Source: Wtop News: Jennifer Ortiz / contribution by John Aaron & Reem Nadeem
Officials in Fairfax County, Virginia, are still trying to pinpoint the cause of a deadly respiratory illness outbreak at a Springfield assisted living facility, and another outbreak is now being investigated at a Burke facility.
Three people are dead and dozens more have been afflicted with an upper respiratory illness at Greenspring Retirement Community in Springfield, the Fairfax County Health Department said.
Another outbreak of respiratory illnesses at Heatherwood, an assisted-living facility in Burke, is also under investigation by the health department, but officials said Wednesday there is no evidence linking the two outbreaks.
The Centers for Disease Control and Prevention tested 17 samples from sick Greenspring residents and bacteria was found, but further testing needs to be done to find out if the bacteria caused the outbreak.
At Greenspring, three people have now died, and a total of 63 of 263 residents have become sick, the health department said earlier this week. The three who died were among the 63 sickened.
The health department is unsure of the extent to which the respiratory illness contributed to the deaths. “With older individuals who have complex medical problems, we’re not able to say how much the pneumonia may have contributed to those deaths,” Dr. Benjamin Schwartz with the health department told WTOP.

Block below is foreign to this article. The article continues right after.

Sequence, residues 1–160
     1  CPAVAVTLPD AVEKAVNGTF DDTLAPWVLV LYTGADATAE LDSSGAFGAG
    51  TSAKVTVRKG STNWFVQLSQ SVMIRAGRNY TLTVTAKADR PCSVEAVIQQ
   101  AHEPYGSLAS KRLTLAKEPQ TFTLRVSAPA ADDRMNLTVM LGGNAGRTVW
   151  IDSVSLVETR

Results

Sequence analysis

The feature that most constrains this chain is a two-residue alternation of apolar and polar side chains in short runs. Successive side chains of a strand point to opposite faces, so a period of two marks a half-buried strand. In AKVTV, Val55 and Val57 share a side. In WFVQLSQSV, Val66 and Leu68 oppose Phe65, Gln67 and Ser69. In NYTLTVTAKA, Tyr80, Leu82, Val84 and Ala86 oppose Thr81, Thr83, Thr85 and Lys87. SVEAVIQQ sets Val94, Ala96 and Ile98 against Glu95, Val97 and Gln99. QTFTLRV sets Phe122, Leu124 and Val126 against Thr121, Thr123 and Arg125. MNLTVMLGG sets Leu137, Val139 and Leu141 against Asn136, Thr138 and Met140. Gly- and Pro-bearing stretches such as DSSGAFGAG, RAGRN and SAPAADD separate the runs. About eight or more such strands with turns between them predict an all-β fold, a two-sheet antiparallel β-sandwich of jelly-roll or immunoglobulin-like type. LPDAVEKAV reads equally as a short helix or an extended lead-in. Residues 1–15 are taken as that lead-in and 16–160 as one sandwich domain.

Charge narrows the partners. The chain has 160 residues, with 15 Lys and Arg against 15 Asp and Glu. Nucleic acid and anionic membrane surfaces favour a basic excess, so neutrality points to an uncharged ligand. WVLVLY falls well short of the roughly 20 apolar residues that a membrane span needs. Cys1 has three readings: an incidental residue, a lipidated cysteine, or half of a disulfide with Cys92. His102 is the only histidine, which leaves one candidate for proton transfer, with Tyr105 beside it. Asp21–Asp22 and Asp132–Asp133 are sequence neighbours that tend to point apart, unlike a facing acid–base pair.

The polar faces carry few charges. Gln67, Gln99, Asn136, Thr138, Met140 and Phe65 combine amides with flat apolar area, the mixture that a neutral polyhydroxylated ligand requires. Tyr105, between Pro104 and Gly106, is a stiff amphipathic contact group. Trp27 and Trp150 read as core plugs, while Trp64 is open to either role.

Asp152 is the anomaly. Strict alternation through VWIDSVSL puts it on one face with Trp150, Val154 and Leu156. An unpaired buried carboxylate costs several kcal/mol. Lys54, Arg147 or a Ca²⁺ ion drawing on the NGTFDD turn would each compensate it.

On Tuesday, the health department said that 19 employees at Greenspring have reported symptoms of upper respiratory illness since the outbreak began June 30.
No additional hospitalizations have been reported in the Greenspring outbreak. “The infection control procedures that have been implemented by the facility are being done very well. We have not identified any new cases,” Schwartz said.
Of those who were hospitalized, most have since been released and returned to their apartments, said Dan Dunne, spokesman for Erickson Living, which is the company that developed and manages Greenspring.
“Greenspring’s infection control and prevention measures have actually gone a long way in containing the respiratory illness on campus there in Virginia,” Dunne told WTOP. “There have been no new illnesses among employees since July 12, which we’re very pleased to see.”
“The partnership with the health department has been invaluable to us, and I know they’re working closely with the CDC to try and determine that (the cause),” Dunne added.
Symptoms of the illness include respiratory problems from coughs to pneumonia. No deaths have been reported so far in the Heatherwood outbreak.